Electric utility Exelon (NYSE:EXC), the largest operator of nuclear fleets in the United States, took its investors on a roller-coaster ride last year. After it encountered difficulties due to extremely challenging power prices, Exelon took some drastic steps to engineer a turnaround. Mainly, the company cut its dividend after providing its fiscal 2012 fourth quarter results. This was not received well by investors, who typically buy utilities for their stable profits and reliable dividend payments.

However, as the saying goes, often the best time to buy a stock is when there's blood in the streets. Does the turnaround potential at Exelon have legs? Or would investors be foolish to take the risk?

Where Exelon currently stands
Exelon saw tough conditions for most of 2013, but to its credit, has seen business stabilize more recently. The company had a decent third-quarter that resulted in flat net income and diluted earnings per share versus the same quarter the year prior. That being said, Exelon still generated lower operating cash flow over the first nine months of fiscal 2013 as compared to the same period in 2012.

Other utilities simply haven't experienced the troubles that Exelon is encountering. Over the first nine months of 2013, Southern Company (NYSE:SO) generated adjusted earnings of $2.24 per share, down just slightly from $2.26 per share through the same period last year as a result of extremely heavy rainfall. Meanwhile, Consolidated Edison (NYSE:ED) actually grew its core operating profit by 3% in the third quarter and 2% over the first nine months of the year.

Balance sheet receives a much-needed cushion
After fourth quarter 2012 results, Exelon made the always-difficult decision to cut its dividend after its fiscal 2012 fourth-quarter profit fell a whopping 38%. It's especially troubling when a utility slashes its payout, since investors buy utilities largely for the hefty dividends. Unfortunately for shareholders, Exelon's deteriorating business conditions meant it simply couldn't afford its payout.

A decision had to be made as management was committed to keeping its credit rating out of junk level, which it was only two notches above at the time of the dividend cut. Exelon bought itself some much needed financial flexibility to keep investing in its business. Its new dividend payout will "save" the company approximately $740 million per year going forward.

In addition, Exelon recently sold $650 million in new bonds through its ComEd subsidiary. Amazingly, Exelon's new issues carry fairly low coupons, considering the company's less-than-stellar credit rating. Exelon sold $300 million in bonds maturing on January 15, 2019 that carry a 2.15% coupon. Exelon also issued $350 million in debt that matures on January 15, 2044 with a 4.7% coupon. These coupons are low enough to provide Exelon much-needed capital at a manageable cost.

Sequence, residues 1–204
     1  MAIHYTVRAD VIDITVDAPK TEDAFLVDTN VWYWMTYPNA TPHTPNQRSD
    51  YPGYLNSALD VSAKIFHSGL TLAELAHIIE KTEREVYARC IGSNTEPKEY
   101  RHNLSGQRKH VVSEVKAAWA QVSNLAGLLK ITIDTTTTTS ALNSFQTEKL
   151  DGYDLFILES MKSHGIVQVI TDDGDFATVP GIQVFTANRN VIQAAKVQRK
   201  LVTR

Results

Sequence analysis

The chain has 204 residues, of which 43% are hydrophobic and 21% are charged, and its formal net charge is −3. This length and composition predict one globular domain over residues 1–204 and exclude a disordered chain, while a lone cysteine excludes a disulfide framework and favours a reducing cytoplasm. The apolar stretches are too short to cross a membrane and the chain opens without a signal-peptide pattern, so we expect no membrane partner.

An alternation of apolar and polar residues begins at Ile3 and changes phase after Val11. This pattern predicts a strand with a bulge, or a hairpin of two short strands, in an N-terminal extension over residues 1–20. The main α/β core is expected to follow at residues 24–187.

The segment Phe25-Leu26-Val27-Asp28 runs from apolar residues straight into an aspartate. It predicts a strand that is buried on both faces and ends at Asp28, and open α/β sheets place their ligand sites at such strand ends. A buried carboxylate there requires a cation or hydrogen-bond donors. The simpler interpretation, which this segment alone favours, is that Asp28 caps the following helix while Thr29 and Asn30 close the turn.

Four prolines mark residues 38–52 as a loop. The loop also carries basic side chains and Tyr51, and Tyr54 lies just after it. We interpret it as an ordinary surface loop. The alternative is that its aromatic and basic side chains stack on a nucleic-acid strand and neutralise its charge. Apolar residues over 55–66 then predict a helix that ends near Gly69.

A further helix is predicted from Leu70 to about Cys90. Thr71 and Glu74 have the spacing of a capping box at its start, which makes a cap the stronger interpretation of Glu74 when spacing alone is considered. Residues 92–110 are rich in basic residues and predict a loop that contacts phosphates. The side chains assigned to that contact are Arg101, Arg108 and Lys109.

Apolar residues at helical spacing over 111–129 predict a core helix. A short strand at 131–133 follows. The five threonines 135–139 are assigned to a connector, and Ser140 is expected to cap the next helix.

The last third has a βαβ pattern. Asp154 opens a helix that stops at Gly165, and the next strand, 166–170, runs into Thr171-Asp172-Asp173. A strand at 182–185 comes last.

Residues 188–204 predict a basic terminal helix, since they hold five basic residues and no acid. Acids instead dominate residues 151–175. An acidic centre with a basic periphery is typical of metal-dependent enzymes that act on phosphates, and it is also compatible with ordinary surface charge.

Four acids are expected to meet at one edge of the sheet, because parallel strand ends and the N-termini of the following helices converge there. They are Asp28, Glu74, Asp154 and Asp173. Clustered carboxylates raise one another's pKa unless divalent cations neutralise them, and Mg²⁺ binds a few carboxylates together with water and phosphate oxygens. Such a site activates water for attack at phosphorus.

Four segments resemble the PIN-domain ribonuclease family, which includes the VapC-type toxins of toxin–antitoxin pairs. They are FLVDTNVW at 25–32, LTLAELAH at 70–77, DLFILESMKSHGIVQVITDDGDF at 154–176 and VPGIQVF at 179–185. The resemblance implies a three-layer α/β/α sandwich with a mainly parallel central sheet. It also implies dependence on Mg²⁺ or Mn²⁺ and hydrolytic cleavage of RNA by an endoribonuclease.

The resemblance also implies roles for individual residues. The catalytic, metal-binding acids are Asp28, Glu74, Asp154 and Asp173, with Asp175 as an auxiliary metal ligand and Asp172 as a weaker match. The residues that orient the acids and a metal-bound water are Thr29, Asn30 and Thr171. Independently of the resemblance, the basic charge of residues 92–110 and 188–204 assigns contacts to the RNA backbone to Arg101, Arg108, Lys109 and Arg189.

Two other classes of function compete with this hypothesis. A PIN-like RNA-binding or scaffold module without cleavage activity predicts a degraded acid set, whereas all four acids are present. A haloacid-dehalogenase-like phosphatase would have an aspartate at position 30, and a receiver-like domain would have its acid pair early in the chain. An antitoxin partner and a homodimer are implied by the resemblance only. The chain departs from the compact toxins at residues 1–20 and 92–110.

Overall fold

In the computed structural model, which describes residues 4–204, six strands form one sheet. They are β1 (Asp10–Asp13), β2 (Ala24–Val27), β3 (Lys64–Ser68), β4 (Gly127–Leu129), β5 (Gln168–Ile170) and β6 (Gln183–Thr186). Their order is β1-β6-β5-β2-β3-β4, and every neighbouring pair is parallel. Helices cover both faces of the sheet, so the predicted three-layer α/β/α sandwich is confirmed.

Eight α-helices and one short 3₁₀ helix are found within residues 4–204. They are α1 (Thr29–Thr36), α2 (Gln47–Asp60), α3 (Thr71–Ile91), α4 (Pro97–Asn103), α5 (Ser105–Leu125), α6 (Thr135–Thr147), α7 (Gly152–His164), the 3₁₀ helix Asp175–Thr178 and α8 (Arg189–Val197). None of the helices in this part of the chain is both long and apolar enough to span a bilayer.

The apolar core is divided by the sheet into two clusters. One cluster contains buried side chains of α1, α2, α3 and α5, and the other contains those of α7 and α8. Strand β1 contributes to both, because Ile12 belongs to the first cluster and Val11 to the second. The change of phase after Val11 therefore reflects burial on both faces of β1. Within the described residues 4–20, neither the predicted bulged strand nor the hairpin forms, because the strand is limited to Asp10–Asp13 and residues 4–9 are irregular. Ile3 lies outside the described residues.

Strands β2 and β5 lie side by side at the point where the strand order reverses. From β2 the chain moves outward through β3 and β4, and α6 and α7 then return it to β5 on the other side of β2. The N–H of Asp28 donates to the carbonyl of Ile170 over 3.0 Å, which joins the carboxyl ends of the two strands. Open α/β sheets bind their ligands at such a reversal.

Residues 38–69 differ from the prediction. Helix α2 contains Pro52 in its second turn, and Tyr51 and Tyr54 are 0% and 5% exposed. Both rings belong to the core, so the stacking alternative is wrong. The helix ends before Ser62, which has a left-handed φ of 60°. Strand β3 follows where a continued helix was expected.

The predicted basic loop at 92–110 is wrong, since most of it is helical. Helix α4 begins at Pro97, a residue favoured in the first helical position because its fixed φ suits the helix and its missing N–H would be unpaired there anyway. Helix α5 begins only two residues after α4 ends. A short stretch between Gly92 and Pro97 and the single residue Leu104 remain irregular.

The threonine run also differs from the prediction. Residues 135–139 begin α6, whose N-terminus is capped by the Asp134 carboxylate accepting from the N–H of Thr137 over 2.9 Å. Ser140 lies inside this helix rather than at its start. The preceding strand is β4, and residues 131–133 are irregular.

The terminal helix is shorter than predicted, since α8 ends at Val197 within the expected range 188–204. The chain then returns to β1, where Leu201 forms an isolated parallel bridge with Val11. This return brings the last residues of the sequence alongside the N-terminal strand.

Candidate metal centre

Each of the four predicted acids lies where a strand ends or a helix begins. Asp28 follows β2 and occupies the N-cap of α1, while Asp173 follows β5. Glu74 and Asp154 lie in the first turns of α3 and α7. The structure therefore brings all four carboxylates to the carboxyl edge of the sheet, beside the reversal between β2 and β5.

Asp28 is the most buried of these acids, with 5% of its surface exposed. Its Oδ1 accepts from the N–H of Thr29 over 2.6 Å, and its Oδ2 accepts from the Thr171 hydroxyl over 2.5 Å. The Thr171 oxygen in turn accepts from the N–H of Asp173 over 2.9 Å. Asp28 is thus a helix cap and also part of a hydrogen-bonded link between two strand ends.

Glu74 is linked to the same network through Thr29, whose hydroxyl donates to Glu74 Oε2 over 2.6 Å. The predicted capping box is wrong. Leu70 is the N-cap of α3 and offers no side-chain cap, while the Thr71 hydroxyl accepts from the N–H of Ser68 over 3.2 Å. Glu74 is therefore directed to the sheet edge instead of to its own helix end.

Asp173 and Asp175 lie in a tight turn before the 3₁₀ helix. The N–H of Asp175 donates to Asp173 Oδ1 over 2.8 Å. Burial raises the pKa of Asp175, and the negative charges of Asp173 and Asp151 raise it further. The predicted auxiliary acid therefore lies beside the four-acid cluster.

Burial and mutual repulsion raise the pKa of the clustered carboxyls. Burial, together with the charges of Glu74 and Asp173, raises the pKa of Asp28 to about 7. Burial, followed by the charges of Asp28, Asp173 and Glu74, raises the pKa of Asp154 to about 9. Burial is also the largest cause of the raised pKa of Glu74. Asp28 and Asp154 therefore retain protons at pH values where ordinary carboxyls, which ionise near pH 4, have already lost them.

Exelon's turnaround may happen—but why risk it?
While Exelon is confident in its turnaround prospects in the year ahead, it's no guarantee. Nuclear has proved to be an extremely difficult business from a pricing standpoint. While it's always tempting to pick a bottom among businesses encountering hard times, investors don't really need to gamble on Exelon's turnaround prospects. After all, it seems that low volatility and stable dividends are why investors flock to utilities in the first place.

After Exelon's dividend cut last year and corresponding stock sell-off, the stock now yields 4.7%. That's certainly a high yield that will provide meaningful downside protection while the company attempts to sort itself out. But again, higher-quality utilities are suitable alternatives. Consider that Southern Company current yields 5% and is still growing its dividend on an annual basis. Likewise, Consolidated Edison raised its dividend last year and yields 4.6% at recent prices. It's very unclear when Exelon will get back to dividend growth.

All eyes are now on Exelon's fiscal 2013 fourth quarter. It was the same fourth quarter in the previous fiscal year that resulted in Exelon's dividend cut, so investors will clearly need to see better performance this time around to justify buying in.

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